Was this review helpful?
I really wanted to enjoy this book. I'm the family historian and have written about my ancestors who did some despicable things, too. I do agree that our ancestors' traumas are passed down through the generations, but this book needed some serious editing. The family story was interesting but the scientific portions seemed like filler. Thank you to NetGalley for the ARC.
Was this review helpful?
Ancestor Trouble is the story of the author’s search to know more about her interesting and troubled relatives, along with how she fits in with them. She drops in pieces of  information about genealogy and family history throughout the book. Although these sections are informative, I definitely liked the more personal parts more.  I wish some of those stories could have had more of a conclusion, but maybe there isn’t one yet.

Thanks to NetGalley and the publisher for the ARC.
Was this review helpful?
Disclaimer:  I am biased.  Genealogy is a part-time hobby which I pursue in earnest during rare, brief lulls between work and life's demands.  So my interest was heightened as I learned about her approach, the tools and resources leveraged,  the accuracy and legalities surrounding DNA/genetics testing, and the varied theories of epigenetics and generational trauma. 

In Ancestor Trouble: A Reckoning and Reconciliation, I found myself drawn to the author's motivation (which she explained very well), her focus, and persistence to learn more about her family, and answer her own questions regarding timelines, rumors, genetics, and heredity. 

The beauty of the offering is how the author puts things in context such that the reader understands the significance of her findings and her dedication to discover more about her ancestors.  Fate was not kind to a few and she honors them in death where at times it seems as though little was bestowed during their lifetime. I sympathized with her when those undesired nuggets of hard, ugly (and shameful) truths emerged.  She shared how she had to work through accepting these facts -- albeit it was painful to discover the details of their misdeeds, attitudes, and inhumane actions -- it was accompanied by paper trails proving how her family, directly and indirectly, benefited from those endeavors.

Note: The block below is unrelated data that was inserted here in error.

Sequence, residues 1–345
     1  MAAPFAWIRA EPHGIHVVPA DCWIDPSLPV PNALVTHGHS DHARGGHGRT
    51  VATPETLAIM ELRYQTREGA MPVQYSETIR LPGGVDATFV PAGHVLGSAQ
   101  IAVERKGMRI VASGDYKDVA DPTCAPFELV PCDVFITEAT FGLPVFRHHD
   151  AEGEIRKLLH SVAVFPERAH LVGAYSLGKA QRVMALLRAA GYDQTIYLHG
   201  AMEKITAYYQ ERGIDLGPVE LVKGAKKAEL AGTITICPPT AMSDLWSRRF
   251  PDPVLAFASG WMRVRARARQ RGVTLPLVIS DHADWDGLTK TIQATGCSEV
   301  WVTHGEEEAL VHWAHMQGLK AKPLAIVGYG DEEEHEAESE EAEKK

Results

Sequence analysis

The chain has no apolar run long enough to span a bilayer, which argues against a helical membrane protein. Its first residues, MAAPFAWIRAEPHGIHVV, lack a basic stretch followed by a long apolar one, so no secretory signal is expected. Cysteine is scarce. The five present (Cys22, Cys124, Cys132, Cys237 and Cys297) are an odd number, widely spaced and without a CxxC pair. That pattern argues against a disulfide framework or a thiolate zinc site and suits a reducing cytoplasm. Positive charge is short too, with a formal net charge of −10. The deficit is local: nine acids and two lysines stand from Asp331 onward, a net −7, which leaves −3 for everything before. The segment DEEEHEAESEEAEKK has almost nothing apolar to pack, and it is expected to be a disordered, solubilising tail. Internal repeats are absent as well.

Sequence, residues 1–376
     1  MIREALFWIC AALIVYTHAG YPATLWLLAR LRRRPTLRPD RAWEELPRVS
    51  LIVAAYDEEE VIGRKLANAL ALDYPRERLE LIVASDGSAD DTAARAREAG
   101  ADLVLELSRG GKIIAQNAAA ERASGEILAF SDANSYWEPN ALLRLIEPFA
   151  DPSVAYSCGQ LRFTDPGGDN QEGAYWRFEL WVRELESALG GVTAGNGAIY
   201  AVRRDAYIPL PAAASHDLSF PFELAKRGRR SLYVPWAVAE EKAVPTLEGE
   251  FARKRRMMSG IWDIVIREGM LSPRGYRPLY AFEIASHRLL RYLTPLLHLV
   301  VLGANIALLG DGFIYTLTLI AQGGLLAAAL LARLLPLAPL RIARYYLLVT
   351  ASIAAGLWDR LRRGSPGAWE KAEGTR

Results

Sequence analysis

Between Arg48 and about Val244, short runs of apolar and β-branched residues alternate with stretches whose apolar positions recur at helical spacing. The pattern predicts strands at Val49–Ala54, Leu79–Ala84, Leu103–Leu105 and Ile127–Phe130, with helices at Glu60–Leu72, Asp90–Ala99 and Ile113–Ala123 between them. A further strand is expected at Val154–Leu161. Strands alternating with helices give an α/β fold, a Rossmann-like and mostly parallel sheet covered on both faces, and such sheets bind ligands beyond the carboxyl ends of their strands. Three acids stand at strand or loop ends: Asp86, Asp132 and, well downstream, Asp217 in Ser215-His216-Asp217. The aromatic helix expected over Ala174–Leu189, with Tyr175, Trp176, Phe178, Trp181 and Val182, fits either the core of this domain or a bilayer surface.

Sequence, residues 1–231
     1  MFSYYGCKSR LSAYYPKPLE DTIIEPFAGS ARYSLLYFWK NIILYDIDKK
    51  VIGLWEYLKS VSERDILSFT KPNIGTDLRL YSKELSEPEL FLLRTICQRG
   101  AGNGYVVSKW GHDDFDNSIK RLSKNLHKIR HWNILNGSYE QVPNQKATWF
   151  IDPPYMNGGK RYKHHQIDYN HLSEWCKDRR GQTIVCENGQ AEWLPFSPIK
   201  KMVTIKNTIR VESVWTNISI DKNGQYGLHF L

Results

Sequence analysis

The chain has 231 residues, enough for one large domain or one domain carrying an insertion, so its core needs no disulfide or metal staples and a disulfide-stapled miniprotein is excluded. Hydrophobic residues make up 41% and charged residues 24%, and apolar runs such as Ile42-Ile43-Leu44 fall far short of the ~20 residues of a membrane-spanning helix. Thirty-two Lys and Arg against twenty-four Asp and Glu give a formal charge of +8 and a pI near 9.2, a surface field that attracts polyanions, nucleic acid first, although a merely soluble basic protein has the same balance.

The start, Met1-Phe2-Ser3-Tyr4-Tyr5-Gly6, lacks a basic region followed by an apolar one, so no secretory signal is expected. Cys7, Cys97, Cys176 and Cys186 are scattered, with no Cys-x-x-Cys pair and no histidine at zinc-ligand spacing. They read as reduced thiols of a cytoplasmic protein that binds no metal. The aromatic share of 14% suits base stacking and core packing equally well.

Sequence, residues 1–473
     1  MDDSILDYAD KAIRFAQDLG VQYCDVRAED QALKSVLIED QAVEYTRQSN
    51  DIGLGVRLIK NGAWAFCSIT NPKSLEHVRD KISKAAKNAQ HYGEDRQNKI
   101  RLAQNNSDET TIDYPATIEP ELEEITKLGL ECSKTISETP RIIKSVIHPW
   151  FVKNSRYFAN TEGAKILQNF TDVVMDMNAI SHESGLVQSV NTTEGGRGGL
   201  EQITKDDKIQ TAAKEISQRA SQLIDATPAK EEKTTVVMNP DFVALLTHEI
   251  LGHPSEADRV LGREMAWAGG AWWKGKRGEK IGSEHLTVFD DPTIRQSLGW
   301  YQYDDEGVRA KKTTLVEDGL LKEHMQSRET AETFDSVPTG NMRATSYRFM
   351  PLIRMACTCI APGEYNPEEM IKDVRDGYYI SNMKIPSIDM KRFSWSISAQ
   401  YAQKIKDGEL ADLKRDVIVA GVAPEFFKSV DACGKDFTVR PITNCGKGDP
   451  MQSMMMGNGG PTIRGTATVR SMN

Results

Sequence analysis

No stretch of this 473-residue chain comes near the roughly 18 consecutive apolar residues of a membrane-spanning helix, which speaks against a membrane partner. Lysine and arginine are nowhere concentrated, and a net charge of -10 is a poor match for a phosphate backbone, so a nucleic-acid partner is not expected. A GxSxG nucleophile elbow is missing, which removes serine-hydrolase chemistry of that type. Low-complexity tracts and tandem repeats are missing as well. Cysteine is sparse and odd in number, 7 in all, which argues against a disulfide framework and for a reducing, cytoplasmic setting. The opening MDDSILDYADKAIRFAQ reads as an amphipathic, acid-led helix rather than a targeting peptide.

This is a profoundly introspective and revealing novel that is not only a testament to the author's tenacity but also her bravery to publish such a personal tome. 

Thanks to the publisher and NetGalley for an opportunity to review.
Was this review helpful?
I couldn’t finish this book. I tried, I really did. I just couldn’t get into it. The book could not keep my interest. I got bored of repeatedly hearing about her dad being racist.
Was this review helpful?
Thanks to Netgalley for the ARC of this book in exchange for my honest review.

A book about genealogy and finding out about where/ who we come from.  Who knows what you might find if you dig deep enough.  I have never read anything like it before.   Would highly recommend giving it a try.
Was this review helpful?
The brilliance of Newton’s work in Ancestor Trouble reflects her work as a journalist: balancing the personal with the universal. Newton traces much complicated and difficult family history while also giving the reader insight to the history of genealogy and the industry it’s become. Slow at certain moments, but overall a worthy read.
Was this review helpful?
To be completely transparent, I DNF this book at about 40%.

I love genealogy, family sagas, and memoirs. However there was a lot going on in this one that I had to put the book aside as it was not keeping my interest. That is not to say that Newton is not an incredible writer, she is.  The amount of research and details included about her family and genealogy in general were impressive, but overall I just couldn't get into it.
Was this review helpful?